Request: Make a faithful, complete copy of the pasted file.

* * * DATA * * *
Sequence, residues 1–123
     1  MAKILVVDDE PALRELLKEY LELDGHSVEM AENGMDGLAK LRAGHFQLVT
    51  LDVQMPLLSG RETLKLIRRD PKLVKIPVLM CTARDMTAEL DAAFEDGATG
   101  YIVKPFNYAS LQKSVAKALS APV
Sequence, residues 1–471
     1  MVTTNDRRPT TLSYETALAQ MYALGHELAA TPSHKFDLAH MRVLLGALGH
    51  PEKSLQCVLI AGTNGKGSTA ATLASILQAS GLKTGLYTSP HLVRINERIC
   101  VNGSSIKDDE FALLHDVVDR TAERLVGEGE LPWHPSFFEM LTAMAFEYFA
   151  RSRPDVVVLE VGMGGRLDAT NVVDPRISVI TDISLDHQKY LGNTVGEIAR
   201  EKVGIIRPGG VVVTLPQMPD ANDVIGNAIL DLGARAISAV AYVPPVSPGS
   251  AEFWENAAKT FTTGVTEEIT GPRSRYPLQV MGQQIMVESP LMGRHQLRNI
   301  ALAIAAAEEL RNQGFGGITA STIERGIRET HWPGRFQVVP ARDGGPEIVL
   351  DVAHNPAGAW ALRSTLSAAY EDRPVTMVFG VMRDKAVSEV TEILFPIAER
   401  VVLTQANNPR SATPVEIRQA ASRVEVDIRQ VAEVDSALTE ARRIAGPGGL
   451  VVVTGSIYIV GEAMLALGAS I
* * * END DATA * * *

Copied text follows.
Sequence, residues 1–123
     1  MAKILVVDDE PALRELLKEY LELDGHSVEM AENGMDGLAK LRAGHFQLVT
    51  LDVQMPLLSG RETLKLIRRD PKLVKIPVLM CTARDMTAEL DAAFEDGATG
   101  YIVKPFNYAS LQKSVAKALS APV
Sequence, residues 1–471
     1  MVTTNDRRPT TLSYETALAQ MYALGHELAA TPSHKFDLAH MRVLLGALGH
    51  PEKSLQCVLI AGTNGKGSTA ATLASILQAS GLKTGLYTSP HLVRINERIC
   101  VNGSSIKDDE FALLHDVVDR TAERLVGEGE LPWHPSFFEM LTAMAFEYFA
   151  RSRPDVVVLE VGMGGRLDAT NVVDPRISVI TDISLDHQKY LGNTVGEIAR
   201  EKVGIIRPGG VVVTLPQMPD ANDVIGNAIL DLGARAISAV AYVPPVSPGS
   251  AEFWENAAKT FTTGVTEEIT GPRSRYPLQV MGQQIMVESP LMGRHQLRNI
   301  ALAIAAAEEL RNQGFGGITA STIERGIRET HWPGRFQVVP ARDGGPEIVL
   351  DVAHNPAGAW ALRSTLSAAY EDRPVTMVFG VMRDKAVSEV TEILFPIAER
   401  VVLTQANNPR SATPVEIRQA ASRVEVDIRQ VAEVDSALTE ARRIAGPGGL
   451  VVVTGSIYIV GEAMLALGAS I